Locals offer support for Oregon bees
By Mollisande Williams
Newberg Graphic intern
Through the Yamhill County Oregon Bee Atlas group, county residents are volunteering their time to accumulate data that would in turn add to the knowledge of bee health and species in Oregon.
There are 500 estimated species of native bees in the state, but limited information is restricting further awareness of their current health condition, according to the Oregon Bee Atlas.
Compiling a list of bee species in the area would assist in future research. Having conducted no official surveys of Oregon bees, these volunteers are gathering data that has been long overdue.
Volunteers from the Oregon Bee Atlas are working alongside the Yamhill County Master Gardeners Association, primarily in doing field sampling and surveying bees.
Participants are led by Oregon State University Master Gardeners and are trained through the university to recognize the variety of bees located in the county.
Michael O'Loughlin, a Master Gardener and the Yamhill County Oregon Bee Atlas coordinator, is heavily involved in the project. O'Loughlin owns a farm in McMinnville with his brother where they promote biodiversity. More than five different bee species can be spotted on his property.
When he isn't doing his own research on the farm, O'Loughlin arranges volunteer work for the Yamhill County Oregon Bee Atlas group.
He says they go out to sites at least every two weeks to collect bees. From there, they record the bee species and which flowers they were located on. The Oregon Department of Agriculture then records the gathered information.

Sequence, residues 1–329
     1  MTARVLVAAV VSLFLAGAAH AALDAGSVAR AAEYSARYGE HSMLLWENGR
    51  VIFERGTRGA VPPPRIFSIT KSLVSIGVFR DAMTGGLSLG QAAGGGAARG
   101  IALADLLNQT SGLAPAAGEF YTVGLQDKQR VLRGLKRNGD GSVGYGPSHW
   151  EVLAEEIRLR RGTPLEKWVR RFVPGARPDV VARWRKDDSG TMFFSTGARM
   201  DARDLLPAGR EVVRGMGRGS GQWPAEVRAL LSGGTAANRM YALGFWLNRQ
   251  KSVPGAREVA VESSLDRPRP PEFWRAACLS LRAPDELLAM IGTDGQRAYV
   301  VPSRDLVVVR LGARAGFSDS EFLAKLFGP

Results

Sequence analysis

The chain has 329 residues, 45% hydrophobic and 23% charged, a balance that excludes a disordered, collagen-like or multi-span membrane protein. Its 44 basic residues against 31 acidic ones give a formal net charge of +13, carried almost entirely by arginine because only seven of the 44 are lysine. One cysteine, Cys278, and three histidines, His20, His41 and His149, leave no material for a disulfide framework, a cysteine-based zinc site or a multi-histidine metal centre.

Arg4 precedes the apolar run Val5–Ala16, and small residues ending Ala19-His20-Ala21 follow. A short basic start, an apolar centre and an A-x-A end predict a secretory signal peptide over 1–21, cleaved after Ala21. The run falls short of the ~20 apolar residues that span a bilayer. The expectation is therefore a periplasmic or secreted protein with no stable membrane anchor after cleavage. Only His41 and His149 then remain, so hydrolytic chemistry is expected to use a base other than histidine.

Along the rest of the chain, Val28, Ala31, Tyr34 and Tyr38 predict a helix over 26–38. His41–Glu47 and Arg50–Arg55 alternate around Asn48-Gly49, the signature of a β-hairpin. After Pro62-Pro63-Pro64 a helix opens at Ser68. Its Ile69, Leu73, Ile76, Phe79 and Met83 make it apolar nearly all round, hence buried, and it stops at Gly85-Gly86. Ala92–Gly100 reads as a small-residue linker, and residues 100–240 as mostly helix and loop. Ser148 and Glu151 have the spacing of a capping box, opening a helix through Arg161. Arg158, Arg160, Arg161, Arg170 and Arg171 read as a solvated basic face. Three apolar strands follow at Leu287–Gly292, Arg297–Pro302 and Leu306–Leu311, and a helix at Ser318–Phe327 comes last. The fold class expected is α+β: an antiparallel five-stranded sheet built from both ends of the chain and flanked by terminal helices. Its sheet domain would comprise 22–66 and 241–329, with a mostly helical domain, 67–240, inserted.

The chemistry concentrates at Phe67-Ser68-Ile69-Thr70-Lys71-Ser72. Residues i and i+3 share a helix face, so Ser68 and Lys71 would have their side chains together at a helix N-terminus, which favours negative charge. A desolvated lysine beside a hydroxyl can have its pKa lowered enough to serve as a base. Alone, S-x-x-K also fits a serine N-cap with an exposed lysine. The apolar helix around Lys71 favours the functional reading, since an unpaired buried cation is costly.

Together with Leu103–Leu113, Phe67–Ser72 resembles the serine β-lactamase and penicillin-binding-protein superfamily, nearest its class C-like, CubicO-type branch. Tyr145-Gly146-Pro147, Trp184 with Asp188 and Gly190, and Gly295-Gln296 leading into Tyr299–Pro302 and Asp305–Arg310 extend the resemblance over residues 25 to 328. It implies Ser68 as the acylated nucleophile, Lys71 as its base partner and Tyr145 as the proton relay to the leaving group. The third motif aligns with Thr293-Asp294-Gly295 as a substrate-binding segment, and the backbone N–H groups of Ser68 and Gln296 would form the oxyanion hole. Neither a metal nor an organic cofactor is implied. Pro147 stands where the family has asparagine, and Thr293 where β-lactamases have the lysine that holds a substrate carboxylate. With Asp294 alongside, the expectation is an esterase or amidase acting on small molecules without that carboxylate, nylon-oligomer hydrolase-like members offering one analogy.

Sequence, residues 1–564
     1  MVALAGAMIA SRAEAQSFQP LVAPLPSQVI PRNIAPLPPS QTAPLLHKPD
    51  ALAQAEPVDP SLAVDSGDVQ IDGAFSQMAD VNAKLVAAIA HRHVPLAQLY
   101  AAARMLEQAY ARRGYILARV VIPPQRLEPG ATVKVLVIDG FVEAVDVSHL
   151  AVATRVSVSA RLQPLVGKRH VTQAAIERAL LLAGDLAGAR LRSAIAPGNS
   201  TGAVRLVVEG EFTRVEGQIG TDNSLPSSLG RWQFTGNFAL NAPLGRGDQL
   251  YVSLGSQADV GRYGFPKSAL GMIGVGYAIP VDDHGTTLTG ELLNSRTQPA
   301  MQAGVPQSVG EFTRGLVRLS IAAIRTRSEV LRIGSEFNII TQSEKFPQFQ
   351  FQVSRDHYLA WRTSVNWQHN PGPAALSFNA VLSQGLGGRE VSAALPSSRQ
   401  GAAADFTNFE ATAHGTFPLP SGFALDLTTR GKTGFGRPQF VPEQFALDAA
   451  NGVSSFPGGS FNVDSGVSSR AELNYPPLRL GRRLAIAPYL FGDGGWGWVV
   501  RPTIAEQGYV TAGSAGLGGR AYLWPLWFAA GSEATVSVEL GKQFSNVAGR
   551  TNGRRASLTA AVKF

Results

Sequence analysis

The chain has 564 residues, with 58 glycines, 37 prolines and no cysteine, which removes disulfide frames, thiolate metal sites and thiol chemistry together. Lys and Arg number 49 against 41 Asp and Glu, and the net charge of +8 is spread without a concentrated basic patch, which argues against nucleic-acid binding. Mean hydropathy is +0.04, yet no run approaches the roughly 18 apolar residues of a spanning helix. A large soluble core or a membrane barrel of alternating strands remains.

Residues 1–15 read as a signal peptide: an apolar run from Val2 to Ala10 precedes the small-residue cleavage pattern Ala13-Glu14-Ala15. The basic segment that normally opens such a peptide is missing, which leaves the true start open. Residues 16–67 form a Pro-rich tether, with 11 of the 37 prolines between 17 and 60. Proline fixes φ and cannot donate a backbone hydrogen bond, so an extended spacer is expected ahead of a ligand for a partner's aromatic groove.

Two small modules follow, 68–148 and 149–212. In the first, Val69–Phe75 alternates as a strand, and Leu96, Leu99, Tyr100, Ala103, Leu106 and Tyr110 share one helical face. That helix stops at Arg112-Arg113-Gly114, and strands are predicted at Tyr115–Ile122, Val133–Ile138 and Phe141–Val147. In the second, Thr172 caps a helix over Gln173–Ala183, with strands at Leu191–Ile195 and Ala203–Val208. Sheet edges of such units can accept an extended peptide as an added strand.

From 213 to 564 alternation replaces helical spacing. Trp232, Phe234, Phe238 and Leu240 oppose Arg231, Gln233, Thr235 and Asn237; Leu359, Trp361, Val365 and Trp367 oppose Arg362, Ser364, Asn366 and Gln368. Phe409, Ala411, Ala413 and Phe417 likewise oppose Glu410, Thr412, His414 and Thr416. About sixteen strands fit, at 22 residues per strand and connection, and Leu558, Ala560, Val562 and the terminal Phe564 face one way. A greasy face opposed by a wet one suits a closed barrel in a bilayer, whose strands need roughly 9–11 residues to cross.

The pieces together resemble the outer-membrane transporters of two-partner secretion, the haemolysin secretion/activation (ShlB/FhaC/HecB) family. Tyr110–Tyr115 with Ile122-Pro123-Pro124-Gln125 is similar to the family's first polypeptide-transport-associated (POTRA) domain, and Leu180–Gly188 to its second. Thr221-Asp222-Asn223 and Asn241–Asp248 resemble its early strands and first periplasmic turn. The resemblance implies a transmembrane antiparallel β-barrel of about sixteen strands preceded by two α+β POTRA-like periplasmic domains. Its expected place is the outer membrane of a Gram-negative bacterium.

O'Loughlin says there are now 10 regional groups, of which Yamhill County is one.
The project has been going on for a year and Yamhill County has been involved since the beginning.
"It's a really fun and active group and the training is really good. You do not have to be an entomologist to be involved," he said in an e-mail interview.
The Oregon Bee Atlas is an initiative of Oregon Department of Agriculture, the Oregon State University Pollinator Health Program and Oregon State Arthropod Collection and is made up of groups all across the state. It stems from The Oregon Bee Project, a diverse set of stakeholders who are exploring many ways to care for bees.
The Oregon Bee Atlas teaches members how to collect and curate bees, leading to accessible identification and furthers the knowledge of Oregon bee health.
Other helpful information can also be retrieved through this volunteer work, like bees' preferred floral resources and the status of native pollinators.
Their mission is to "train volunteers to explore Oregon counties, to seek out new native bee records for the state, to boldly go where no amateur melittologist (an expert specializing in bee studies) has gone before."
Anyone is qualified to join the team, as the necessary training is provided, and they are always looking for new members. The Oregon Bee Atlas also provides training, supplies and support for individuals willing to lead a group.
"You just have to care about bees and want to learn," O'Loughlin said.